Traffic Safety Bureau

Responsibilities
The Traffic Safety Bureau is responsible for investigating all serious and fatal motor vehicle accidents. In addition, they maintain computerized traffic and speed counts on borough roadways and work in conjunction with borough officials on problem areas within the community.  
 
The Traffic Safety Bureau also maintains, trains and supervises all school crossing guards, coordination with construction companies on all borough construction projects and handling any traffic related complaints within the Borough.

Programs 
The Traffic Safety Bureau conducts child safety seat inspections, educational programs which focus on topics such as drunk driving and distracted driving, 
Traffic_Logo
Traffic Studies
When the Traffic Safety Bureau receives a speeding complaint, typically the first step in the resolution of the complaint is to conduct a traffic study.  While the anecdotal experiences of residents are important, the data in the traffic study is the main driver in how to respond in an effective and efficient manner.   Traffic studies provide the following vital information:

  • 85th Percentile Speed (the speed at or below 85% of vehicles travel)
  • Vehicle Count
  • Most Effective Times for Enforcement
  • To request a traffic study contact a member of the Traffic Safety Bureau.
Lt. Carey Radar
Black and White Traffic Officer and Patrol Car
Traffic studies are conducted over the course of seven days
Street                     
Speed Limit
85th Percentile
Speed
Vehicle Count
Date of Study
 
Central Ave / Fairview Ave
35 mph
34 mph
18,689
2013-Aug.
Central Ave / Fairview Ave
35 mph
34 mph
18,988
2013-Oct.
Central Ave / Serpico Way
35 mph
37 mph
16,935
2014-Aug.
Central Ave / Westerly Ave
35 mph
33 mph
18,313
2014-Sept.
Central Ave / Westerly Ave
35 mph
34 mph
18,618
2014- Oct.
Central Ave / Serpico Way
35 mph
33 mph
16,935
2013-May
Lathrop Ave / Sunset Pl
25 mph
24 mph
330
2015- Nov.
Longview Ave / Rosedale Ave
25 mph
23 mph
1,200
2013-June
Maple Ave / Kings Rd
25 mph
25 mph
1,747
2015-Dec.
Morris Pl / Wisteria Ct
25 mph
33 mph
6,261
2013-May
Niles Ave / Pine Tree Terr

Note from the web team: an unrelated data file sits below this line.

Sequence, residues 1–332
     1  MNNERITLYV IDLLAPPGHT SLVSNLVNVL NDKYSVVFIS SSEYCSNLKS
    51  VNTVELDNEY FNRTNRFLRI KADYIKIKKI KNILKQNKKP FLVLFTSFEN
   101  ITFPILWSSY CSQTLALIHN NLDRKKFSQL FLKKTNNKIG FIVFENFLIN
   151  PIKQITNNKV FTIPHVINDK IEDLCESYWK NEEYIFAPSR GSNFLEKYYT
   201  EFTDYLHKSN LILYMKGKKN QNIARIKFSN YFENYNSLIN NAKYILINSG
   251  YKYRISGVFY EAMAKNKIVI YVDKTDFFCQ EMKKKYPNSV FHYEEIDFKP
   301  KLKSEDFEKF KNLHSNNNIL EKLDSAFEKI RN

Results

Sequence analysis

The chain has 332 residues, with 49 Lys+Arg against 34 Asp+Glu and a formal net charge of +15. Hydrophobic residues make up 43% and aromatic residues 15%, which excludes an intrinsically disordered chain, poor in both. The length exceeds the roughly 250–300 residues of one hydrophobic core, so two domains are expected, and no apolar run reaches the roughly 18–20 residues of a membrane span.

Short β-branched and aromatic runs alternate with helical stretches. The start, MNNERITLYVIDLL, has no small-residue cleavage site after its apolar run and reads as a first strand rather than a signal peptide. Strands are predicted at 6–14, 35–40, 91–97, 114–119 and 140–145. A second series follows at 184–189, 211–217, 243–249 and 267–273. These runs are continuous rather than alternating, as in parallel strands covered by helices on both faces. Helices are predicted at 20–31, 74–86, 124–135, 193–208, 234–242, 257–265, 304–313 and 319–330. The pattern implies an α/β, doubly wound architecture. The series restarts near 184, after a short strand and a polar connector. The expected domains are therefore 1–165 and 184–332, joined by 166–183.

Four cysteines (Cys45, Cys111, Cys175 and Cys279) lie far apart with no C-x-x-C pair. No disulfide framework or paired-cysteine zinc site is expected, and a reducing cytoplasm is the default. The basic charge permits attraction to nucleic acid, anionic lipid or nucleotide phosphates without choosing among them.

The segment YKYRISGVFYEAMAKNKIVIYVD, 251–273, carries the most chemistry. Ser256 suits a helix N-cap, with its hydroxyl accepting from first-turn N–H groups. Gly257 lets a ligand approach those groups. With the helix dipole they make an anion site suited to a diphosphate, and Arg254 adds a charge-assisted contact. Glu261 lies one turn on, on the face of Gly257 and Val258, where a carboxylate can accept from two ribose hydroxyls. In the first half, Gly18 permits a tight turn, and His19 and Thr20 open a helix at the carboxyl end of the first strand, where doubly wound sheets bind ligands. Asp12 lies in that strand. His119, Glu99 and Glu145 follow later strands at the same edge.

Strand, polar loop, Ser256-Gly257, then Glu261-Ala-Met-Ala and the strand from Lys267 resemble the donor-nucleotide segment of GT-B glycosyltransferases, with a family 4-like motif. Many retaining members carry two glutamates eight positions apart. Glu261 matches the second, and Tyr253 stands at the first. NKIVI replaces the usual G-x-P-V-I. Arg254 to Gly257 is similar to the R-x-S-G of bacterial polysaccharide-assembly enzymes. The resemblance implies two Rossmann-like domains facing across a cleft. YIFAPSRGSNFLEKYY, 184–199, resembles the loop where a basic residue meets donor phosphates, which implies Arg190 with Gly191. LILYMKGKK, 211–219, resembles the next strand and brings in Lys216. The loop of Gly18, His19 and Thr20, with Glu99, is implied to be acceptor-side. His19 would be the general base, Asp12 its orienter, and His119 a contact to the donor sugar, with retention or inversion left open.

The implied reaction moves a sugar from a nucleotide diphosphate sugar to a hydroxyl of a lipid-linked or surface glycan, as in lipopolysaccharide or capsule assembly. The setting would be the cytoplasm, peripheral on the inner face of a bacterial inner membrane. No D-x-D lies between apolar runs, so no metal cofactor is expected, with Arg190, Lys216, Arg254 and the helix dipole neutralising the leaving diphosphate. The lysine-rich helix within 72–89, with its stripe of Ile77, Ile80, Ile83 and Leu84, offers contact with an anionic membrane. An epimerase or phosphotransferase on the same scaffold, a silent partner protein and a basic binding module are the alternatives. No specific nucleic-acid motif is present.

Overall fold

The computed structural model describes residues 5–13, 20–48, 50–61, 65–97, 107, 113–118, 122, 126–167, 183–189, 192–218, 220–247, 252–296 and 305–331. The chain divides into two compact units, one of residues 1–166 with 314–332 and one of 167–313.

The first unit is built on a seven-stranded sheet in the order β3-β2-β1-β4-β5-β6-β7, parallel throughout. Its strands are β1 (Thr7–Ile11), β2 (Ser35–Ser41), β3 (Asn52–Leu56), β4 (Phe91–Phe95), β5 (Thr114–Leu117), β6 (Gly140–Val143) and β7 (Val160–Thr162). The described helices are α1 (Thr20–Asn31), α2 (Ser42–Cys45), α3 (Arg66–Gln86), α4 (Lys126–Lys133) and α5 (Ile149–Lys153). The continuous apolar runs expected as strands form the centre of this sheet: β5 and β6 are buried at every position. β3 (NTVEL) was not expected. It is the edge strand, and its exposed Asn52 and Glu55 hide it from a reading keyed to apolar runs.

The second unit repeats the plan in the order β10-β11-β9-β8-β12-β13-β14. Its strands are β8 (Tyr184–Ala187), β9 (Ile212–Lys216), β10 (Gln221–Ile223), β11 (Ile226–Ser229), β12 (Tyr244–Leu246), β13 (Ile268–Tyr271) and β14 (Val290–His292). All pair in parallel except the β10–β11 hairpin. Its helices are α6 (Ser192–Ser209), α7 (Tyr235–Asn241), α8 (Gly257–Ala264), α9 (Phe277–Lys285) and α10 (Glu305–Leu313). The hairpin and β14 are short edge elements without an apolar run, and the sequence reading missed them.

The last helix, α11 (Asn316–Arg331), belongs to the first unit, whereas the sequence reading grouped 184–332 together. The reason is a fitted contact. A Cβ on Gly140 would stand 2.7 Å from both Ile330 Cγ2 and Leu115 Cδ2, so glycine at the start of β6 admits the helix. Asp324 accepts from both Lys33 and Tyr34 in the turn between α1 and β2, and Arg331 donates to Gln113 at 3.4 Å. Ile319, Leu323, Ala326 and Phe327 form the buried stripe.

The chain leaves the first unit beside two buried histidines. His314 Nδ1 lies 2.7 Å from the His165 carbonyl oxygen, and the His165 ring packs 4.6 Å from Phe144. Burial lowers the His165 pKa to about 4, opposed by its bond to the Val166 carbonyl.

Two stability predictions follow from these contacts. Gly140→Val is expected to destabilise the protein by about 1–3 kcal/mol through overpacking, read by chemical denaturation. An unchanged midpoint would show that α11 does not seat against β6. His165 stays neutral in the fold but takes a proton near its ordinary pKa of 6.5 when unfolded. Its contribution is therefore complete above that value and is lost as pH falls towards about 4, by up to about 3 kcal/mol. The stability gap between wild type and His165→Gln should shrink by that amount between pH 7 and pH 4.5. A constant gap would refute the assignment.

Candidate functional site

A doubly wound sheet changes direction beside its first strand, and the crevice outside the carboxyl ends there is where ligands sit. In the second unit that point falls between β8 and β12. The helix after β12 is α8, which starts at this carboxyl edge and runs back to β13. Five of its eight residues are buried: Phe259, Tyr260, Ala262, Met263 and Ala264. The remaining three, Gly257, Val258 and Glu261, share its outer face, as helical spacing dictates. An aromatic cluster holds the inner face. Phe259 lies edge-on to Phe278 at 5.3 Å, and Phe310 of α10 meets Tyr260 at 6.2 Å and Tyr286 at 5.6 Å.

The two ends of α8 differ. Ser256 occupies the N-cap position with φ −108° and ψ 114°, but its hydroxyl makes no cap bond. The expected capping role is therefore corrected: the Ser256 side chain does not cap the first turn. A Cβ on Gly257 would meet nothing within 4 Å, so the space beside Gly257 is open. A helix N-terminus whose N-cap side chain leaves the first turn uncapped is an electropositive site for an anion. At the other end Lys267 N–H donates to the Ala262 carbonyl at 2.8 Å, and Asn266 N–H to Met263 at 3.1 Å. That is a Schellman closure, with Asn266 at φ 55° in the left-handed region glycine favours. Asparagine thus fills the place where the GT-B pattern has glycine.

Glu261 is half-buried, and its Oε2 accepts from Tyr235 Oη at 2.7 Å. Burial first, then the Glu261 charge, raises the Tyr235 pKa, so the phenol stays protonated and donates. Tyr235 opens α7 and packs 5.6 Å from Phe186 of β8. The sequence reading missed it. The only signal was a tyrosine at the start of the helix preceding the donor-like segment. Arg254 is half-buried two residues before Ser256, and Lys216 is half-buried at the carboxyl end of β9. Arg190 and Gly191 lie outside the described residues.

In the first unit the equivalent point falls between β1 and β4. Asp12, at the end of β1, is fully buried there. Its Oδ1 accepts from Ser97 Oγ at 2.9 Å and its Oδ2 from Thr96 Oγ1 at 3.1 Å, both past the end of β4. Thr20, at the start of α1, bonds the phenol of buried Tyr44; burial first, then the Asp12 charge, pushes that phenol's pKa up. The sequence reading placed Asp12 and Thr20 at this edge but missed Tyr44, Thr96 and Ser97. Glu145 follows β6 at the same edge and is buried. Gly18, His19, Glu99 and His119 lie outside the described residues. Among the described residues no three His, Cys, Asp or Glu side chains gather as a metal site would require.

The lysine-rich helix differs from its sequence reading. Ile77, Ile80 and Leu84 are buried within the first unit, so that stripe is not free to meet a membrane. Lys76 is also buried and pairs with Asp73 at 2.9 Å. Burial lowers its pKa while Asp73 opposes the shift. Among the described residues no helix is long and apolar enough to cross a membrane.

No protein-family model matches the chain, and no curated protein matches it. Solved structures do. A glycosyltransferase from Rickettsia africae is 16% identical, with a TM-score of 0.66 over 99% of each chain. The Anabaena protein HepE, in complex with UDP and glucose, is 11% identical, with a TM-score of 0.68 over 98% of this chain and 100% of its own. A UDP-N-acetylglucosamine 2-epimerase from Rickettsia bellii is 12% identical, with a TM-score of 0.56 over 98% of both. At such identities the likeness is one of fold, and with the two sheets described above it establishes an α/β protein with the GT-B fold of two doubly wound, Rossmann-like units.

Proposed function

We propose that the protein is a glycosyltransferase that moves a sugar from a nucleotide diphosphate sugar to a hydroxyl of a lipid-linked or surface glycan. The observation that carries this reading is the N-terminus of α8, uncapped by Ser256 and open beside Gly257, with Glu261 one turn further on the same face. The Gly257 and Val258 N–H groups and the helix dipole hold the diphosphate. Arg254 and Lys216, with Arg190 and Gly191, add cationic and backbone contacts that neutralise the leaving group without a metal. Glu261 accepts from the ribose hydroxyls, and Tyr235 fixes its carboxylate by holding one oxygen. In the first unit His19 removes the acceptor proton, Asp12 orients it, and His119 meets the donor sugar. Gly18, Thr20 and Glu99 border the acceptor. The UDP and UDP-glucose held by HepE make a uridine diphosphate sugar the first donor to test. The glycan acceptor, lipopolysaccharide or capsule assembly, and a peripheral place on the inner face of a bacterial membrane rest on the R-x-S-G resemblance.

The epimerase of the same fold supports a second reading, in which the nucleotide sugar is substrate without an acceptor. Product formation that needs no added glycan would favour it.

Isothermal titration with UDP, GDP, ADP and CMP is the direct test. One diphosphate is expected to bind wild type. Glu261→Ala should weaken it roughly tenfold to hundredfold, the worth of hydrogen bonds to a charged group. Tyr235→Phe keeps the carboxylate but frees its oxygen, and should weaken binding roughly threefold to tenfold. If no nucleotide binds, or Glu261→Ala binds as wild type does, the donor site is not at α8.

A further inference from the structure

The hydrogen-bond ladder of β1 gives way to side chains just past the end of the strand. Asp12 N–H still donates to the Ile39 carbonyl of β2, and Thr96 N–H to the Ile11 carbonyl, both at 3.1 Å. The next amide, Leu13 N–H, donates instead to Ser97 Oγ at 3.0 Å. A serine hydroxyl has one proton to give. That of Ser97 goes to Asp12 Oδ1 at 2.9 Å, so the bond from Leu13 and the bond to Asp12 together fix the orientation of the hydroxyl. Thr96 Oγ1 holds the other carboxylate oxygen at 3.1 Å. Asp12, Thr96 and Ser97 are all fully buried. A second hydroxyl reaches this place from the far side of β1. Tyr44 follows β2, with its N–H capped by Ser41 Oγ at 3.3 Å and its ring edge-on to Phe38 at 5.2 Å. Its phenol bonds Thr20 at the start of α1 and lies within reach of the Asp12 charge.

25 mph
28 mph
5,592
2014- Sept.
Noe Ave / Crestview Ave
25 mph
35 mph
17,029
2014-July
North St / Myrtle Ave
25 mph
32 mph
4,595
2015-July
Park Ave / Anthony Dr
35 mph
39 mph
71,145
2013- Jan.
Park Ave / Cedar Ave
35 mph
42 mph
61,998
2013-Jan.
Prospect St / Belmont Ave
25 mph
33 mph
33,296
2013- Dec.
Ridgedale Ave / Myrtle Ave
30 mph
35 mph
38,891
2013-March
Vinton Rd / Wilson La
25 mph
32 mph
3,095
2015-May
                                                            


 

• What does the 85th percentile speed mean?

The 85th percentile speed is the speed at or below 85 percent of vehicles travel.

Another way of looking at this is that only 15 percent of vehicles go faster than this speed and 85 percent go at or below this speed. According to a Federal Highway Administration study, all states and most local agencies use the 85th percentile speed of free flowing traffic as the basic factor in establishing speed limits.

• Why is the 85th percentile speed a good basis for the speed limit?

Studies have shown crash rates are lowest at around the 85th percentile speed. Drivers traveling significantly faster OR slower than this speed are at a greater risk for being in a crash. It is not high speeds alone that relate to crash risk; it is the variation of speed within the traffic stream.

• Would lowering the speed limit affect the speed of vehicles?

A change in the speed limit almost always changes the mean speed of traffic. However, the changes are not always proportional. For the most part, the change in the mean speed of traffic created by a change in speed limit is around 25 percent of the change in the speed limit.  In other words, a speed limit increase or reduction of 6 mph (10 km/h) yields about a 1.5 mph (2.5 km/h) raising or lowering of the mean speed, respectively.

References: R. Elvik, P. Christensen, and A. Amundsen, "Speed and Road Accidents: An Evaluation of the Power Model," The Institute of Transport Economics (TOI), TOI Report 740/2004 (December 2004).

Federal Highway Administration (FHWA), Methods and Practices for Setting Speed Limits: An Informational Report

Contact Us
If you have questions, please contact a member of the Traffic Safety.